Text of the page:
Hogwash 27: Claus Poulsen // Stuart Chalmers, Eskimoomin, Two’s Company, Inhuman Resources – Wharf Chambers – 6th November 2019

Posted: 7 November 2019 in Live
Tags: , , ,

Words: Christopher Nosnibor

Pics: Chris Power

Sometimes, the everyday and the ordinary are just so difficult to navigate. Stuff that the majority of the time is just what you do becomes suddenly too much. For some, it’s going to work; others, it’s worse even than that, like leaving the house to go to the corner shop. We all have our limits, and they can change unexpectedly, and seemingly inexplicably. For me, the onset of darkness as the clocks changing hurls us into the late autumn / winter spell does it every time and the urge to hibernate or hang myself becomes stronger than the enthusiasm for going out and watching live music.

Sometimes, it’s easier to crawl out to someplace where you know you won’t be known, so it’s possible to concentrate on the music and not have to deal with conversation. But sometimes, there has to be an end to avoidance, and the only way forward is to do the thing, however hard. There’s no snapping out of it, no flicking a virtual or metaphorical switch. There is no one single means of dealing. For me, it’s about a self-created nudge. Because no amount of external nudging has any effect – although, arguably, Hogwash was a successful external nudge here.

Wharf Chambers is one of those places that doesn’t make a twitchy, lone drinker feel awkward, and the vibe is never anything but welcoming and inclusive. This matters, a lot: I don’t feel like anyone thinks I’m a weirdo or inadequate when I fumble around with change, or as I sit in a corner with a pint to read – Lee Rourke’s Vulgar Things – and do the constant phone-checking thing that’s become habitual, by candlelight while waiting for doors.

So why am I here? Well, the Facebook event suggests folk may be ‘baffled and/or enticed by’ the eclectic lineup, consisting of Claus Poulsen // Stuart Chalmers, Eskimoomin, Two’s Company, and Inhuman Resources. I’m here for the music. Also, people: much as I feel a compulsion to avoid them, there’s a comfort in knowing there will be people there that you know, who are there for the same reasons.

The latter is up first, and it’s another of the infinitely-numerous project by event organiser and master purveyor of weird random noise, Dave Procter. Playing in a Parka with the hood up, he churns out a wall of blistering electronic noise that gets louder and more brain-melting as the set progresses. Reminiscent of Whitehouse without the vocals, here’s some classic power posing happening behind the trestle table laden with gear, and it’s a quality example of contemporary power electronics, with a self-awareness that carries an ironic twist in the posturing. Oddly, I find this all a source of immense joy: I find myself relaxing, and smiling to myself. This is exactly what I came for, and this is why live music is a holistic form of therapy: it offers escape, external stimuli suggesting routes inwards to explore and also let go of things.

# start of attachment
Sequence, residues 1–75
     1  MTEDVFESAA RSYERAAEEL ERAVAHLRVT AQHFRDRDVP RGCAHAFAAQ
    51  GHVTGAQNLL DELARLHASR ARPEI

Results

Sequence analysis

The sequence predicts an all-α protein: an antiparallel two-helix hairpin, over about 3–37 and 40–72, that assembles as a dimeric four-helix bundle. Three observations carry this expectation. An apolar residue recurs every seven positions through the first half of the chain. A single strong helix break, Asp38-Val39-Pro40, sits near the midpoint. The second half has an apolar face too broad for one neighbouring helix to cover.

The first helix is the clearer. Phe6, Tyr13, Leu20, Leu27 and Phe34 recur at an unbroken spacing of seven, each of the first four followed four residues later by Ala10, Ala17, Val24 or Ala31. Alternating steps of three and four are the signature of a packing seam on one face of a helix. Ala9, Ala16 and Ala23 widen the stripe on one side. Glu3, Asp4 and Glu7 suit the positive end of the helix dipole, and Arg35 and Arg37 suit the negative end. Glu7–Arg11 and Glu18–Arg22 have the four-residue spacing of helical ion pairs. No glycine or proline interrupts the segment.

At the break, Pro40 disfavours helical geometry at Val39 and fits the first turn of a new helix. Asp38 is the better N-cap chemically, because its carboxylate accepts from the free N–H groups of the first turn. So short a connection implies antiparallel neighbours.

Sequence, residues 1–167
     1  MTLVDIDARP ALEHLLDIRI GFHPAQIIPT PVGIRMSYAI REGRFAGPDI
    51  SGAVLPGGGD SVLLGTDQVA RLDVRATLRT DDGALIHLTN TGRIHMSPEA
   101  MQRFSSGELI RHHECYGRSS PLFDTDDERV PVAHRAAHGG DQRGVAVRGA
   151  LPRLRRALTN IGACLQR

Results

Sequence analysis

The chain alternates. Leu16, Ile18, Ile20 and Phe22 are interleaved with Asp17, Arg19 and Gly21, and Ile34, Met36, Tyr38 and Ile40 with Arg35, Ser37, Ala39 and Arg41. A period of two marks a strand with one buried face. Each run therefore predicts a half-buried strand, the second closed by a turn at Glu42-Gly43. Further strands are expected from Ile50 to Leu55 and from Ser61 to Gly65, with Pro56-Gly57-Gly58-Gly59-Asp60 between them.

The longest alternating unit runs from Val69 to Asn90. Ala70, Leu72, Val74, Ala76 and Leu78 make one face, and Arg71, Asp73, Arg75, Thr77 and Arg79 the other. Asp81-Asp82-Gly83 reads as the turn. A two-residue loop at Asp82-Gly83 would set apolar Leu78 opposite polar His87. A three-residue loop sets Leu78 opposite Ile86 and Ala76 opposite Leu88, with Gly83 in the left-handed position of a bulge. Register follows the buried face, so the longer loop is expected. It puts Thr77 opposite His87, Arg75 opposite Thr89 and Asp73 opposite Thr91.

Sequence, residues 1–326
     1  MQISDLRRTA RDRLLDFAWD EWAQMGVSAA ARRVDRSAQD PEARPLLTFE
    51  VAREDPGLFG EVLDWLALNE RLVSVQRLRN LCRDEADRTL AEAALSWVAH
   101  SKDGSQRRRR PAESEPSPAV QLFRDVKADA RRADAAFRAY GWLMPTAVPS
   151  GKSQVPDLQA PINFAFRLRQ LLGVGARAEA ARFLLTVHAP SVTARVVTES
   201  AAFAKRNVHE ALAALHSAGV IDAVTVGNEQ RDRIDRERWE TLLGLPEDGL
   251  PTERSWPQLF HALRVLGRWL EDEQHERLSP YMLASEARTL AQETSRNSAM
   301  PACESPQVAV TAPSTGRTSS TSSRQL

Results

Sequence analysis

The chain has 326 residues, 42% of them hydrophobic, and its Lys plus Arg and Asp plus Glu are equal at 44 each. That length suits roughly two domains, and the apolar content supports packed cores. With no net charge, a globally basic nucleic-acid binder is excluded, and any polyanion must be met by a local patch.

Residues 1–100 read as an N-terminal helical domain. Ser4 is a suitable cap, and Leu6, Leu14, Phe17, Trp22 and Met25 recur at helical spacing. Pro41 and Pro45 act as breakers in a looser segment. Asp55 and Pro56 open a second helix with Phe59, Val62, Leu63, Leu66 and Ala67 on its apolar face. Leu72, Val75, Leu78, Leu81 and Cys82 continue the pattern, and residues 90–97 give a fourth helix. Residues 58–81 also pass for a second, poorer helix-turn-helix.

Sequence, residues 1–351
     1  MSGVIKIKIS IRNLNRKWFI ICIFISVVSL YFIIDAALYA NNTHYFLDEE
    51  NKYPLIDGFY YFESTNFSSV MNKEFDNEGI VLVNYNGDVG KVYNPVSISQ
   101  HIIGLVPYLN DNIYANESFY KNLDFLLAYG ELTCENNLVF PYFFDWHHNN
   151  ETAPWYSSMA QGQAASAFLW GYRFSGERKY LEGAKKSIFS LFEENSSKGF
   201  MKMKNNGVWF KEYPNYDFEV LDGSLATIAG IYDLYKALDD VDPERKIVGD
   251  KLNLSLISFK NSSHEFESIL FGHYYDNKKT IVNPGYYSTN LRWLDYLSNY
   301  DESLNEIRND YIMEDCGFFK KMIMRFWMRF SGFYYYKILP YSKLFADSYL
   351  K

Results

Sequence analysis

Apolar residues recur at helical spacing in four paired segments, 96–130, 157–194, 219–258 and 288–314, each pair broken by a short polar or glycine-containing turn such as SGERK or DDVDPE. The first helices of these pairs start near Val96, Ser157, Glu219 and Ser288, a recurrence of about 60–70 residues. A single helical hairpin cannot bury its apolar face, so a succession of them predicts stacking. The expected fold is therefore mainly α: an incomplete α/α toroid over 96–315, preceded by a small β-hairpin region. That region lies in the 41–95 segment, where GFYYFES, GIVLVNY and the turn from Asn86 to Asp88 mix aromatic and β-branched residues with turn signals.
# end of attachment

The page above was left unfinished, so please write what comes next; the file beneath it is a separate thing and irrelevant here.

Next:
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Inhuman Resources

Eskimoomin play warped synth pop. She plays synths and sings. He dances like Bez, wearing shorts, a Hawaiian shirt with some kind of shark design and meerkat mask or something. It’s brilliantly bizarre, visually and sonically, and as quirky as fuck, but also accessible with some pumping beats. Bewildering, baffling, a but wrong, but also a whole lot of fun. The world needs more artists who give this much effort and this little of a shit what you think of it.

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Eskimoomin

Claus Poulsen and Stuart Chalmers do what I might reasonably describe – according to what I’ve tapped in onto my phone – as ‘some kind of Eastern / pan pipe percussive string-scraping shit. Bow against the side of a table. Clattering percussion gives way to trilling organ tones’. It’s immersive, although I suspect it’s the beer rather than the music that’s proving soporific. The pair work their respective segments of kit intuitively and coordinatedly, and it’ a pleasure to watch.

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Claus Poulsen and Stuart Chalmers

Headliners Two’s Company deliver fractured, droning noise, and I’m way in the wash of atmosphere. Nothing seems entirely real right now, and I like it like that. I’m, primarily in the moment but if my sketchy notes are to be believed, the ‘synth guy in coat has William Bennett trappings, while guy sitting down has lounging cunt all over. Beat-heavy electro with a hard and challenging edge’. I could, and maybe should, expand on that, and attempt to convey the real, lived experience. But ultimately, you had to be there to fully experience the physical and psychological effects of their textured soundscapes in a darkened room. And being there next time is a must.

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Two’s Company

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